"Grassroots Grantsmanship" to Grow External Funding
JSU is at a crossroads. To keep pace with other universities, JSU must increase the number of grants and contracts it has submitted and funded.
As the newly hired senior director for sponsored programs, Dr. Michael Wetherholt is confident that he can help the university do just that.
“I was excited to come to JSU because I knew I could assist the institution,” he said. “When I began at my previous institution – Columbus State University in Columbus, Ga. – nine years ago, that university was where JSU is now, and I helped move that university toward increased numbers of successful grant applications and contracts.”
Under his leadership, CSU was awarded a $3,000,000, five-year grant award from the National Science Foundation to assist undergraduate minority students seeking STEM fields, a $3,000,000, five-year grant award from the US Department of Education to support students that require academic support and a $300,000 three-year grant award from the US Department of Justice, Office on Violence Against Women, to increase the safety on campus to reduce or eliminate sexual assault, domestic violence, dating violence and stalking. The US Department of Justice grant award was just renewed for another three years.
Wetherholt’s responsibilities at JSU will focus on reviewing policy and ensuring it is appropriate when it comes to safeguarding the institution, faculty and the professional staff “while also being robust enough to spur increased grant proposal and contracts activity,” he said.
He will also act on JSU’s behalf when it comes to working with grant award and contract sponsors, including the federal government.
With more than 20 years of experience as a successful grant proposal writer, Wetherholt will assist faculty and staff in pre-award areas such as developing ideas, searching for appropriate funding opportunities, interpreting grant program guidelines and preparing grant proposal narratives. He will also help with developing budgets and justifications, completing forms and submitting grant proposals to potential sponsors.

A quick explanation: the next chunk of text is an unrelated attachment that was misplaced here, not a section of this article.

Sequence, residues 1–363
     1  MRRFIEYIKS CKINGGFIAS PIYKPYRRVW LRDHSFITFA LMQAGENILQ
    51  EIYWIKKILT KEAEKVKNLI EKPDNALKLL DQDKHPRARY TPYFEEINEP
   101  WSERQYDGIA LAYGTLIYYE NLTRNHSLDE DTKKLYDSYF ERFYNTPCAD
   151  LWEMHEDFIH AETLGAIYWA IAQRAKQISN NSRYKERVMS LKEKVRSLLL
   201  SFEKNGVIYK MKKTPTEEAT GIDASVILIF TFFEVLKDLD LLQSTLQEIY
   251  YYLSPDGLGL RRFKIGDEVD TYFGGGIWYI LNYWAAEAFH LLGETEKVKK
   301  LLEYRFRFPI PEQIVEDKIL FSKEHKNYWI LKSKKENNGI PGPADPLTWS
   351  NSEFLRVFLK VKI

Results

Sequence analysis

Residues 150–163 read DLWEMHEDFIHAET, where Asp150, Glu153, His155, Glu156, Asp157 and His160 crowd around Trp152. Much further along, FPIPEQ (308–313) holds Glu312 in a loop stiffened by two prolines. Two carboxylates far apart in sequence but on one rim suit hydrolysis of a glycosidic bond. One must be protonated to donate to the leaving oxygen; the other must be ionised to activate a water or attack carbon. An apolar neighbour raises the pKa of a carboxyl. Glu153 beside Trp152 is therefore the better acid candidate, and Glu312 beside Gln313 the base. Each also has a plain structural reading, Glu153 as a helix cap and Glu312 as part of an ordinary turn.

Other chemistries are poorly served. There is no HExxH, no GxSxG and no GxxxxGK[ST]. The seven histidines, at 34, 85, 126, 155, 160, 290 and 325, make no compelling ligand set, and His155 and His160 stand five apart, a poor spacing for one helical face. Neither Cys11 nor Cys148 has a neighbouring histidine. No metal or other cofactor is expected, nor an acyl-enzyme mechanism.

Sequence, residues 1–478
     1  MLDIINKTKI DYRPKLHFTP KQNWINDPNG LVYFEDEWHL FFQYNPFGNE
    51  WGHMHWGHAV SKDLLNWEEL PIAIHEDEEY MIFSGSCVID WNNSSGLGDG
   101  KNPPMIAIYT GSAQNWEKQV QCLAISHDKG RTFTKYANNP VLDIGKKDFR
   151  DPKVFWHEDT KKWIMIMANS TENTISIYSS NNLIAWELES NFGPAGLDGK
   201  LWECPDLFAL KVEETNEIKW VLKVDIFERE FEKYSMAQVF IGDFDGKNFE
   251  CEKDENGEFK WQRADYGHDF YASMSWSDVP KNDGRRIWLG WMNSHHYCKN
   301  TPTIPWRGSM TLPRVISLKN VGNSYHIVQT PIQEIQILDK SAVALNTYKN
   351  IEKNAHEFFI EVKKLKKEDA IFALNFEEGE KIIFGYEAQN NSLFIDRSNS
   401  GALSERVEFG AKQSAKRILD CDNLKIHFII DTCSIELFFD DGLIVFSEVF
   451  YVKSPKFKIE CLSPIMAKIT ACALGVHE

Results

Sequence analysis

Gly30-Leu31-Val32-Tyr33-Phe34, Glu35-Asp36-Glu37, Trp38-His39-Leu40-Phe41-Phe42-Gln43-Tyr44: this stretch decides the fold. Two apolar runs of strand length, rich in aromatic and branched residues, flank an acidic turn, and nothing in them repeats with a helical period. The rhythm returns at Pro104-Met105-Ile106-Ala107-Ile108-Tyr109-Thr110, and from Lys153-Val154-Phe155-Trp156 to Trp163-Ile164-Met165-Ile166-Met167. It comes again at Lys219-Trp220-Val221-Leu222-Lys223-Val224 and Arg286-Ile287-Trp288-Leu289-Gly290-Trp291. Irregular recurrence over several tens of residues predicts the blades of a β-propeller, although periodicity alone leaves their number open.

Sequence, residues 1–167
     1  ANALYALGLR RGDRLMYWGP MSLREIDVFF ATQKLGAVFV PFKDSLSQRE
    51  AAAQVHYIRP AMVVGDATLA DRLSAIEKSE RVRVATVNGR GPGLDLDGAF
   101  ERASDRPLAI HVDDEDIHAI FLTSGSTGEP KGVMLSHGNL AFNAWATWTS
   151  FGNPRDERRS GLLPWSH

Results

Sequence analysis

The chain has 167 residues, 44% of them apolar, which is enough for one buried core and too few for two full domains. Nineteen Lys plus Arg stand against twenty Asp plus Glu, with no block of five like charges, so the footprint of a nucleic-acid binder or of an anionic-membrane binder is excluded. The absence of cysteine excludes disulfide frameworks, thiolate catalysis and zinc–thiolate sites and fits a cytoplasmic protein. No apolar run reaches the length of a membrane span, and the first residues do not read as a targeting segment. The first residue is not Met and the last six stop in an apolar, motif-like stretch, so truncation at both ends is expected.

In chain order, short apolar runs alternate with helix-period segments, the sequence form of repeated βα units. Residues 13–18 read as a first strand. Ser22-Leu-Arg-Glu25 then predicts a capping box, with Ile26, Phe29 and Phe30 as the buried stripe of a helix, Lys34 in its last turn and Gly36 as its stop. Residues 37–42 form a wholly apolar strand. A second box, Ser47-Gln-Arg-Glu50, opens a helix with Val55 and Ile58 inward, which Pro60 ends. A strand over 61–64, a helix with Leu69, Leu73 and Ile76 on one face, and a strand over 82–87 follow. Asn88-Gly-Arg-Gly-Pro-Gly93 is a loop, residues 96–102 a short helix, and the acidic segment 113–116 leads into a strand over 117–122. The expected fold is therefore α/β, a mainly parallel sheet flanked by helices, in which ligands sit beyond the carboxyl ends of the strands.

Wetherholt’s plan for JSU is what he calls “grassroots grantsmanship,” in which he will directly assist faculty and staff in whatever areas deemed necessary to personally help them in the pursuit of external funding.
“For an example, JSU is predominately teaching university and, as such, faculty have heavy teaching loads,” he explained. “Well, in grassroots grantsmanship, you relieve as much of the burden of pursuing grants and contracts from the faculty. JSU is my fourth university in which I have worked and applied ‘grassroots grantsmanship’ and have seen it work superlatively in all cases.”
Wetherholt wanted to make it clear that, prior to his arrival, that the JSU Office of Sponsored Programs was “already assisting faculty and professional staff at a very high level.”
There were already numerous areas of strength in place, including a faculty and staff with excellent potential to successfully pursue grants and contracts.
“Currently, I am assisting faculty in pursuing three federal grant programs,” he said, “and I was proactively contacted by the faculty members almost as soon as I arrived at JSU on August 1.”
Wetherholt said department heads and deans, as well as the rest of JSU’s leadership, have been highly supportive of efforts to pursue external funding. The personnel within the Office of Sponsored Programs put faculty and professional staff first and have also been eager to assist in the pursuit of external awards.
However, Wetherholt has identified a few areas that need to be addressed.
“I think a few policies need revision to support faculty and professional staff to pursue grants awards and contracts,” he said. “Also, the Office Sponsored Programs didn’t use an electronic funding database to easily search for appropriate grants funding opportunities but now we use such a service and faculty and professional staff can create their own search profiles and let the system search for them.”
One of the cornerstones of Wetherholt’s grassroots approach to grant writing, and eventual grant rewards, is having JSU faculty and staff involved in the process. In fact, external grant awards and contract funding often provides faculty with resources to conduct research without a drain on university resources.
“Maybe more importantly is that most grant awards and contracts allow for the inclusion of undergraduates and graduate students on such projects, providing such individuals with research experience working under faculty supervision and also receiving student financial support,” he said.
The excellent staff of the Office of Sponsored Programs is ready to assist faculty and professional staff in the pursuit of external funding. In addition, the grants accountant under JSU Finance and Administration provides “superlative service in the post-award financial management of grants and contracts budgets,” Wetherholt said. “So JSU has the critical pieces in place for faculty and professional staff to succeed in the grant awards and contracts arena.”
To get started, visit the Sponsored Programs website or call 256-782-5108.